“The data shows the state is moving in the right direction, but at a slow pace,” said Dewey Caruthers, president of The Caruthers Institute, a St. Petersburg-based think tank that conducts the annual study. “Many counties also are moving in the right direction, albeit sluggishly.”

To see interactive map and download report, click here.

For the second year in a row, Miami-Dade and Pinellas counties outperformed the rest of the state by issuing civil citations to 94 percent of all kids caught in low-level crimes, including underage drinking, disorderly conduct, vandalism, loitering, school fights and possession of alcohol or marijuana.

And, for the second year in a row, the counties with the worst record were Duval, Hillsborough and Orange, as they together compromised 24 percent of the more than 8,700 youth arrests in 2016.

The report — the third annual study of its kind by a broad ideological coalition that includes the Southern Poverty Law Center, the James Madison Insitute, the ACLU and several other state and national advocacy groups — builds upon research that shows that when first-time offenders are given alternatives to arrest, they can avoid a criminal record that diminishes their opportunities in school, jobs, housing and when obtaining loans and credit. More of the story here. 

October 20, 2017

State Department identifies two more victims of mysterious sonic attacks in Havana

@PatriciaMazzei @ngameztorres

The U.S. State Department added two more victims to the list of diplomats who have suffered mysterious attacks in Havana.

The number of Americans affected is now 24.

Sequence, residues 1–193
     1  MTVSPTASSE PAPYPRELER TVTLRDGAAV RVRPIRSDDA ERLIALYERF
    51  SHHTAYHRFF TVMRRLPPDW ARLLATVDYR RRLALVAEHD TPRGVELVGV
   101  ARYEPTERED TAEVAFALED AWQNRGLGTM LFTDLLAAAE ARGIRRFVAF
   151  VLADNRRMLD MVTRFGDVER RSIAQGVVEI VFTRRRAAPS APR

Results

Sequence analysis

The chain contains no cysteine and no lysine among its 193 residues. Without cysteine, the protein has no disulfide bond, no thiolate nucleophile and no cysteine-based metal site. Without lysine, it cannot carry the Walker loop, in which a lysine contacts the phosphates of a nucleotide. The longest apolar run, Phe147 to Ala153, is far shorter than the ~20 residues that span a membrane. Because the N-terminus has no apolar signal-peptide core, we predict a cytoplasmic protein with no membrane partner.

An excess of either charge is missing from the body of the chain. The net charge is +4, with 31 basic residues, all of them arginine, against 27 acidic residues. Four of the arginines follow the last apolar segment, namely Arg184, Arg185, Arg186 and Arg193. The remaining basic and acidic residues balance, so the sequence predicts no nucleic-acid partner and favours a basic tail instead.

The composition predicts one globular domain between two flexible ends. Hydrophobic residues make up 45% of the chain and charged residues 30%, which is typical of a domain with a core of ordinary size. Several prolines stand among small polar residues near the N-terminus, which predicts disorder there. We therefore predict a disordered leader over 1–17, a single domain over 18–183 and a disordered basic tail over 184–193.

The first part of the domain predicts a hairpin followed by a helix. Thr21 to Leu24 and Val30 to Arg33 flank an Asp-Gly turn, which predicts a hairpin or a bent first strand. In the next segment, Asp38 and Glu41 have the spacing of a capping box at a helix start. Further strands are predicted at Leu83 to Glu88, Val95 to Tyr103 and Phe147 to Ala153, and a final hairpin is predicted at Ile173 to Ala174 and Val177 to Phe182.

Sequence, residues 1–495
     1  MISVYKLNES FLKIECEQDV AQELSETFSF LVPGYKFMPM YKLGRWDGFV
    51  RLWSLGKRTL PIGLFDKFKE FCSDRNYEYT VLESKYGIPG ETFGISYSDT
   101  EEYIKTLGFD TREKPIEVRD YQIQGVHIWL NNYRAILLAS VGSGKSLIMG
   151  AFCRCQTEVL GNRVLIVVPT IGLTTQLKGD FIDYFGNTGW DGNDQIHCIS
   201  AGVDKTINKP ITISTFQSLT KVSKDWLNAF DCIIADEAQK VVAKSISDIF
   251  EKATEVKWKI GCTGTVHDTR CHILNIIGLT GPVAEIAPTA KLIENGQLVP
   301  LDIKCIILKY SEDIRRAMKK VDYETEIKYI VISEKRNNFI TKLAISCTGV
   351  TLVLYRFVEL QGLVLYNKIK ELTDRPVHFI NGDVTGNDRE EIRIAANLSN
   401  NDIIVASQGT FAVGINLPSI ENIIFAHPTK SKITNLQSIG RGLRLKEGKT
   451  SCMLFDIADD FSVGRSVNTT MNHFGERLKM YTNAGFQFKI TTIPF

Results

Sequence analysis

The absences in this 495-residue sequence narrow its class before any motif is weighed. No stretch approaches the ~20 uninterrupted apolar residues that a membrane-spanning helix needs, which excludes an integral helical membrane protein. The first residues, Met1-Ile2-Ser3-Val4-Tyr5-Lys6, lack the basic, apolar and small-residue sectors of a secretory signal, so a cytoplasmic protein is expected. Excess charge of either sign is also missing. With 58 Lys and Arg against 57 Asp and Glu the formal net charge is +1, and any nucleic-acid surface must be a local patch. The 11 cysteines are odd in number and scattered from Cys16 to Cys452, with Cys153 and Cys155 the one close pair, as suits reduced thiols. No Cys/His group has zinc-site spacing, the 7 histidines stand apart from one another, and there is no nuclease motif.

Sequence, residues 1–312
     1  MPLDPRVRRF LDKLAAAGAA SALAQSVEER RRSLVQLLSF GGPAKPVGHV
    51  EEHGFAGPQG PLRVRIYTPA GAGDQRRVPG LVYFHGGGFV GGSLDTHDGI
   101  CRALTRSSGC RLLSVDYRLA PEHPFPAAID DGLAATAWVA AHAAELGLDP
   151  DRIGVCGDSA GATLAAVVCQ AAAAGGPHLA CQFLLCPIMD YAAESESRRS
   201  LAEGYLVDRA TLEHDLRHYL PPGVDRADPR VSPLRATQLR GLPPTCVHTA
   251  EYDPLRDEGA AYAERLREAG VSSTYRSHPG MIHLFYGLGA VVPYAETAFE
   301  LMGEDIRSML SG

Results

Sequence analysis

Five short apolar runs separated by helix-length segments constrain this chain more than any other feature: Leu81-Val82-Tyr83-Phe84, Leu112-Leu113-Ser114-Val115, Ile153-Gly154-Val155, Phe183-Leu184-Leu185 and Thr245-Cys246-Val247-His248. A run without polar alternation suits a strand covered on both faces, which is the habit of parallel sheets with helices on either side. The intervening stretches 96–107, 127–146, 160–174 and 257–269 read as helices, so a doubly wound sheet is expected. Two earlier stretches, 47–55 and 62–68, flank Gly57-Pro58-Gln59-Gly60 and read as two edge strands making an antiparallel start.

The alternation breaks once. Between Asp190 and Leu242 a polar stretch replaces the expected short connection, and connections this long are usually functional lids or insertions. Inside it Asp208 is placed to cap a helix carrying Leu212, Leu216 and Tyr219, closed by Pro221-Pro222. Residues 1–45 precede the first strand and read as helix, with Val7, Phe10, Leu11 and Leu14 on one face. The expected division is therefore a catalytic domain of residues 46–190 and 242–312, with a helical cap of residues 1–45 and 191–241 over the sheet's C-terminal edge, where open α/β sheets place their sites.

“Based on continued assessments of U.S. government personnel, we can confirm 24 persons have experienced health effects from the attacks,” State Department spokeswoman Heather Nauert said. “As we have said previously, an investigation into the attacks in Cuba is ongoing, and we revise our assessments as we receive new information.”

According to Nauert, the assessments are based on medical evaluations of personnel who were affected by incidents earlier this year, not by new attacks.

The most recent medically confirmed attack occurred in late August, she said. The spokeswoman said the government cannot rule out that new cases may emerge “as medical professionals continue to evaluate members of the embassy community.” 

The State Department has warned Americans not to travel to Cuba because of the alleged attacks on its personnel in Havana. The victims have reported a variety of symptoms ranging from hearing loss and headaches to brain damage. In particular, the agency warned Americans of staying away from Hotel Capri and Hotel Nacional de Cuba in Havana, where some of the attacks took place.

More here.

Photo credit: Olivier Douliery, TNS File